A distinctiveness objection under section 41 of the Trade Marks Act is raised against trade marks that:

  • Have some inherent capacity to distinguish but are not prima facie capable of distinguishing the goods or services under s41(4) or s41(5) of the Trade Marks Act; and
  • Trade marks that do not have inherent adaptation to distinguish under s41(3) or s41(6) of the Trade Marks Act.

The distinction between these two kinds of objections is important because evidence of use provided to overcome a section 41(4) or 41(5) objection will be assessed differently from the evidence of use supplied to overcome a section 41(3) or 41(6) objection.

The adverse examination report from IP Australia will indicate which section 41 objection was raised against your trade mark. We set out below how much evidence you need to provide as well as your chances of successfully overcoming the objection.

Evidence of Use Supplied Under s41(4) or s41(5)

If according to the examiner, the objection raised against your trade mark is under section 41(4) or 41(5) of the Trade Marks Act, this means that the examiner finds your trade mark to be capable of distinguishing to some extent.

If you are trying to overcome a section 41(4) or 41(5) distinctiveness objection, your evidence of trade mark use must prove that your trade mark does or will distinguish your good or services in the marketplace. In providing evidence of use under section 41(4) or s41(5), the examiner can take into consideration evidence of your intended use, future use and use of the trade mark after the day of lodgement.

Evidence of Use Supplied Under s41(3) or s41(6)

If your application faces a section 41(3) or 41(6) objection, then the examiner considers that your trade mark is not inherently capable of distinguishing your goods and services.

It is usually very difficult to overcome a section 41(3) or 41(6) objection. In this case, you must establish through your evidence that at the date of filing (the day you lodged your application), the trade mark does distinguish the goods or service. To prove this, you must have evidence demonstrating that you have been using your trade mark substantially before your application. In this case, substantially will mean more than a couple of years and to the extent that most consumers will recognise your trade mark as a badge of origin.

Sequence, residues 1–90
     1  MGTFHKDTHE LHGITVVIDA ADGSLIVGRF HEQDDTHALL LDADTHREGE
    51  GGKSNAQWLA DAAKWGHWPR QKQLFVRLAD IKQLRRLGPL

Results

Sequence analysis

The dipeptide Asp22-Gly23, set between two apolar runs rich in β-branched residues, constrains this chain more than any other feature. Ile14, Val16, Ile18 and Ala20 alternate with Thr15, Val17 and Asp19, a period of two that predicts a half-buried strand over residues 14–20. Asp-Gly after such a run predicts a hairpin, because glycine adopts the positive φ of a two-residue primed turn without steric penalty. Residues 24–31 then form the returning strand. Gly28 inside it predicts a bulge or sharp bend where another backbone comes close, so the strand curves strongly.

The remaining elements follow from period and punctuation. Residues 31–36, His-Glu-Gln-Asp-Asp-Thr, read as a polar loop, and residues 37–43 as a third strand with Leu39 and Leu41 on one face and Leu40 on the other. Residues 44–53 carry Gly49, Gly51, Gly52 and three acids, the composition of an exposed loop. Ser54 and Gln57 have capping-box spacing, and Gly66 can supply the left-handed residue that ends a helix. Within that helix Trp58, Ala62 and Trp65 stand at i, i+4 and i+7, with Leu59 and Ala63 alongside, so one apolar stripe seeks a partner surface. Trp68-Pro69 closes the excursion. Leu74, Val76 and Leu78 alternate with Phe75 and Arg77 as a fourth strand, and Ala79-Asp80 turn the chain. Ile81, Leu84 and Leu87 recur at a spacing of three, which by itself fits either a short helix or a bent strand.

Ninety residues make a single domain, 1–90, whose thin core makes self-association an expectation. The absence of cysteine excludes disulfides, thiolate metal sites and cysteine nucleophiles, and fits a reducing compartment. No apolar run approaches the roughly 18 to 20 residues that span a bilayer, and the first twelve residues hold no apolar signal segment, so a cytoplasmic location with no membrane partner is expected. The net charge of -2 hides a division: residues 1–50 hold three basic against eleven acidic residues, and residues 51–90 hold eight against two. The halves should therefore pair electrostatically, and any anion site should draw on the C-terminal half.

How Much Evidence do I Need to Provide?

If you receive a section 41(4) or section 41(5) objection, the amount of evidence you need to provide to prove successfully that your trade mark does or will eventually distinguish your goods or services depends on the strength of the objection.

A trade mark’s capacity to distinguish is assessed using a spectrum. On one end of the spectrum are trade marks considered inherently capable of distinguishing. These are trade marks that pass through examination without section 41 objections raised against them. On the other end of the spectrum are trade marks with no capacity to distinguish. These are the ones that receive section 41(3) and section 41(6) objections. Somewhere in the middle are trade marks that are to some extent capable of distinguishing. The amount of evidence required will depend on where your trade mark falls in this hypothetical spectrum. However, if you are providing evidence without the assistance of a trade mark lawyer or attorney, it is best to provide as much evidence as you can.

Chances of Successfully Overcoming the Objection

Your chances of successfully overcoming a section 41 objection will depend on the following:

  • Providing evidence that satisfies the formality requirements;
  • How well you have addressed all the relevant information that the examiner needs to make a decision;
  • How substantial and relevant your evidence of trade mark use is; and
  • The strength of the distinctiveness objection raised against your trade mark.

If you have received an adverse examination report from IP Australia and are unsure how to proceed or what evidence of use to provide, let our trade mark team know on 1300 544 755.

Raya Barcelon

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